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Date:	Mon, 9 Nov 2009 19:12:35 -0200
From:	Lucas De Marchi <lucas.de.marchi@...il.com>
To:	Gregory Haskins <ghaskins@...ell.com>
Cc:	Ingo Molnar <mingo@...e.hu>, Steven Rostedt <rostedt@...dmis.org>,
	Peter Zijlstra <peterz@...radead.org>,
	linux-kernel@...r.kernel.org
Subject: Re: [lucas.de.marchi@...il.com: Bug when changing cpus_allowed of RT 
	tasks?]

On Mon, Nov 9, 2009 at 17:35, Gregory Haskins <ghaskins@...ell.com> wrote:
> Hi Lucas,
>
> Ingo asked me to take a look at the problem you are reporting.  Is this a bug you are seeing in the
> wild, or was this found by code-inspection?  I took a look, and it looks to me that the original code
> is correct, but I will keep an open mind.

I found this "maybe"-bug in some changes I'm doing to balance of RT tasks. It
was not giving me the expected results so inspecting the code I supposed this
was the problem. Applying the patch it solved my problem, but I think it was a
problem with my code. Comments inlined.

>>       static int select_task_rq_rt(struct task_struct *p, int sd_flag, int flags)
>>       {
>>               [...]
>>               if (unlikely(rt_task(rq->curr)) &&
>>                   (p->rt.nr_cpus_allowed > 1)) {
>>                       int cpu = find_lowest_rq(p);
>>
>>                       return (cpu == -1) ? task_cpu(p) : cpu;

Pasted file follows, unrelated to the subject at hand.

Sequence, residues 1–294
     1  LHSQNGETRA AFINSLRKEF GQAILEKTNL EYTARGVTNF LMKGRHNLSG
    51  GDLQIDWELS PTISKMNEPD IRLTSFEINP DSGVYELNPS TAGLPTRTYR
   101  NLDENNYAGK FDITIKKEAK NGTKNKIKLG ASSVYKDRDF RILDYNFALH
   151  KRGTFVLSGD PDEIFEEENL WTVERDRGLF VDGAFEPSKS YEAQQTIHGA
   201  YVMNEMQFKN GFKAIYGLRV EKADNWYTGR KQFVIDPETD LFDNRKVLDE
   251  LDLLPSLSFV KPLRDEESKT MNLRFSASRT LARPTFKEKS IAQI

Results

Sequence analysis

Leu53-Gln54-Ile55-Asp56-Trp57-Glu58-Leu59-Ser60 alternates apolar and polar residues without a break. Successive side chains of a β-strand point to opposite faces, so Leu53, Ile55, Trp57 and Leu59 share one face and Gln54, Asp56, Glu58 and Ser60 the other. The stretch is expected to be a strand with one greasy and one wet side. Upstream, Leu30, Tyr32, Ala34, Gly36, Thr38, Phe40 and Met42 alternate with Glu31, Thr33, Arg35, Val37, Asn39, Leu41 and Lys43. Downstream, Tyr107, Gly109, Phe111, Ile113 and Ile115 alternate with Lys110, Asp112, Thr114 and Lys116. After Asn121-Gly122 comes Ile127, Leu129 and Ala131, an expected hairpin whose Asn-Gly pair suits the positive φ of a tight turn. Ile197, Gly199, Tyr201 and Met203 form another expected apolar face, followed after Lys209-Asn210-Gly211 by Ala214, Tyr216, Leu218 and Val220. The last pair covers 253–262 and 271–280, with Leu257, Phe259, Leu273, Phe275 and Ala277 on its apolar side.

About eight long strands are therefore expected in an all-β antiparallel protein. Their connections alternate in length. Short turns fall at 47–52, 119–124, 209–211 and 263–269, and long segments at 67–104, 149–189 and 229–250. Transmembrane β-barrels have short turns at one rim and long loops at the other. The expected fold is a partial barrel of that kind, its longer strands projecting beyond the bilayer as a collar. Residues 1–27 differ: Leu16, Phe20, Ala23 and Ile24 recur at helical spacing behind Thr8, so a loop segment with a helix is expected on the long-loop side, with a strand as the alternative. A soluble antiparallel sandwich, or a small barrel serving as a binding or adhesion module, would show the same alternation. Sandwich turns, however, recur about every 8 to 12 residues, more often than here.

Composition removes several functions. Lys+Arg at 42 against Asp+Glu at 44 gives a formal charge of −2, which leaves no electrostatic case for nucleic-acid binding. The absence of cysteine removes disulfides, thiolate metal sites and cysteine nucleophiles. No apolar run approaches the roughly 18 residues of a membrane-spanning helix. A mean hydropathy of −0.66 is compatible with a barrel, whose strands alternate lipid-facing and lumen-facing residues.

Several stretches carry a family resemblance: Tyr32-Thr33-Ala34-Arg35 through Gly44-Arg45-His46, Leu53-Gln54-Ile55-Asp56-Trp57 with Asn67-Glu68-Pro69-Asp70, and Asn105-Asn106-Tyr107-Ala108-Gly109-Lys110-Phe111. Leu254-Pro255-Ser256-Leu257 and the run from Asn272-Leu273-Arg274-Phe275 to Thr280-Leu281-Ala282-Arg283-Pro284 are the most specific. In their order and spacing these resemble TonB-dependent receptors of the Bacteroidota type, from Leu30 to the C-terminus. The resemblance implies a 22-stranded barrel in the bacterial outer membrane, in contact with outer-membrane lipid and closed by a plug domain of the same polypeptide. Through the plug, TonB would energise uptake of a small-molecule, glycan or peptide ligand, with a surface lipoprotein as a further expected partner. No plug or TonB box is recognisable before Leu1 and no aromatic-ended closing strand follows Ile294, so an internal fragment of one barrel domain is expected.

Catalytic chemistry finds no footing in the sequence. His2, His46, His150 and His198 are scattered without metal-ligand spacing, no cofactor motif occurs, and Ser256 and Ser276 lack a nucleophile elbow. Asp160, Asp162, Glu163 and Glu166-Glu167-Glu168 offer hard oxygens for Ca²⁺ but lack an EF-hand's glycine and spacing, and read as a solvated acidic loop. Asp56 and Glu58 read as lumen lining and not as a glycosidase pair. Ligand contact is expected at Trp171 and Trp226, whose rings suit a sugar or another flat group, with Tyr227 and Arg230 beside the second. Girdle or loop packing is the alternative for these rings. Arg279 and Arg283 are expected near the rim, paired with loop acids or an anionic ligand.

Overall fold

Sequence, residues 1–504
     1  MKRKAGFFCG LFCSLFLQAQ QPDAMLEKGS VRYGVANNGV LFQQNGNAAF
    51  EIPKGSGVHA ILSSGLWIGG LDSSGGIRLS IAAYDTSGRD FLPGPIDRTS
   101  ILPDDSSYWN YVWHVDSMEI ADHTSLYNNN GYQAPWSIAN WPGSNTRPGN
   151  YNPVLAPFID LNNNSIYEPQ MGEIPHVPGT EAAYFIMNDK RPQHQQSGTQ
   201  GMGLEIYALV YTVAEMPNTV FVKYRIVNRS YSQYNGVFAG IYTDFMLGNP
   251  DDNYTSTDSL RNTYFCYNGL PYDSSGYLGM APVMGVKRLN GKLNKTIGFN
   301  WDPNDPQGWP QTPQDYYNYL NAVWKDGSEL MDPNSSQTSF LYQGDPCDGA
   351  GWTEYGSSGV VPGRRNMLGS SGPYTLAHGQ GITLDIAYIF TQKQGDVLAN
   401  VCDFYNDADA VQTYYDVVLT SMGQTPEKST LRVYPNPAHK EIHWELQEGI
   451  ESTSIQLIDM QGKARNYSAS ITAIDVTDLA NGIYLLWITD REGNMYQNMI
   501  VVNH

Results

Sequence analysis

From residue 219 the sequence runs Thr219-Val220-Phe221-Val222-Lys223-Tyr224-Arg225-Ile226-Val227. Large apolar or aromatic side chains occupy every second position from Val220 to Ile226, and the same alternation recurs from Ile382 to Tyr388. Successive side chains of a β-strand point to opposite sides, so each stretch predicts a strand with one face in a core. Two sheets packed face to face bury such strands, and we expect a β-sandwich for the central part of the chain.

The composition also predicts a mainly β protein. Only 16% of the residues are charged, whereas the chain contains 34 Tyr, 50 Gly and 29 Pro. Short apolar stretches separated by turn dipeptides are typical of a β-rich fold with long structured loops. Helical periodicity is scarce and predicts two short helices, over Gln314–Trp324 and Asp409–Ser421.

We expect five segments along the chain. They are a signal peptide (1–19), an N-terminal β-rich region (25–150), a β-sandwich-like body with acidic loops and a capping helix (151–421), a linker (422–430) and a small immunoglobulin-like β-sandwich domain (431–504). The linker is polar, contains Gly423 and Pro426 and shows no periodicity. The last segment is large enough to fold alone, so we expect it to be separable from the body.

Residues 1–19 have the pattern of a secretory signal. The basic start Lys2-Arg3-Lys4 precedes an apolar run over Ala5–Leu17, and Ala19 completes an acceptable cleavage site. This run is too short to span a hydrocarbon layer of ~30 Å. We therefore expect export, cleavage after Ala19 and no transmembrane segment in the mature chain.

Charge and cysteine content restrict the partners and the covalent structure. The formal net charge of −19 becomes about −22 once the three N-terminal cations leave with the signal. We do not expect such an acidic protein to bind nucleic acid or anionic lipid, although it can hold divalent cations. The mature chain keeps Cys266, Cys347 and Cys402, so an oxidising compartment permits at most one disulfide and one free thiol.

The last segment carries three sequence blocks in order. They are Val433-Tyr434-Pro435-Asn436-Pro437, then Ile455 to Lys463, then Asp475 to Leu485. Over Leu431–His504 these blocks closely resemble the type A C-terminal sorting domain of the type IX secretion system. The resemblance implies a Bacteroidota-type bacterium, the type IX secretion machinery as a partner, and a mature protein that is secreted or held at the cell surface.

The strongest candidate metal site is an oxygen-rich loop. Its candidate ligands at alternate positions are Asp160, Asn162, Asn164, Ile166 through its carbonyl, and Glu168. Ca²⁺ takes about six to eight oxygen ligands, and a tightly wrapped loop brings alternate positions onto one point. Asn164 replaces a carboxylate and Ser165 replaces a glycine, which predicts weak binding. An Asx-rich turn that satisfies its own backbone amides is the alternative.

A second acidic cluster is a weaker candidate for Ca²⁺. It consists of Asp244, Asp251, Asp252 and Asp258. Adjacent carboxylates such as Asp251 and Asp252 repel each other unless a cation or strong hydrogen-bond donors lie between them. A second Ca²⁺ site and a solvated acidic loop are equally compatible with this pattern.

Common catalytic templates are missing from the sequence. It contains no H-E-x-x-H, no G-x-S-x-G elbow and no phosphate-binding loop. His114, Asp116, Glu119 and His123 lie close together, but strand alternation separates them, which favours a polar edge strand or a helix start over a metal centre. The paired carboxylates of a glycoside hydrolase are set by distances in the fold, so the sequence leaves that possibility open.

>>               }
	/*
	 * Otherwise, just let it ride on the affined RQ and the
	 * post-schedule router will push the preempted task away
	 */
	return task_cpu(p);

>>       }
I completed the rest of function to emphasize it will return task_cpu(p)
afterwards.

>
> So the intent of this logic is to say "if the task is of type RT, and it can move, see if it can move
> elsewhere".  Otherwise, we do not try to move it at all.

I'd say "if _current_ is of type RT, and _p_ can move, see if _p_ can move
elsewhere". And this check is repeated for p inside find_lowest_rq, so it would
not be needed here. Just let it call find_lowest_rq and -1 will be returned.

>>       static int find_lowest_rq(struct task_struct *task)
>>       {
[...]
>>               if (task->rt.nr_cpus_allowed == 1)
>>                       return -1; /* No other targets possible */
>>               [...]
>>       }


>> What happens if rt.nr_cpus_allowed continues to be 1, but the allowed cpu is
>> not the one in which task is being woken up?
>
> The one case that I can think of that would fall into this category is during a sched_setaffinity()?
>
> If so, what happens is that we ultimately call set_cpus_allowed() -> set_cpus_allowed_ptr().  Inside
> this function, the new mask is validated independent of the nr_cpus_allowed value and we will
> migrate the task away if it is no longer on a valid core.

This was exactly the case I was falling into. But I was setting the affinity
inside the kernel, not passing through setaffinity syscall, and I was wrongly
calling set_cpus_allowed_rt directly instead of set_cpus_allowed, so task would
not migrate in that case.

>
> Until further evidence is presented, I have to respectfully NAK the patch, as I do not think its doing the right thing
> nor do I think the current code is actually broken.

I see now it's not doing the right thing. IMO only the double check of
rt.nr_cpus_allowed is superfluous, but not wrong.


Thanks for clarifications


Lucas De Marchi
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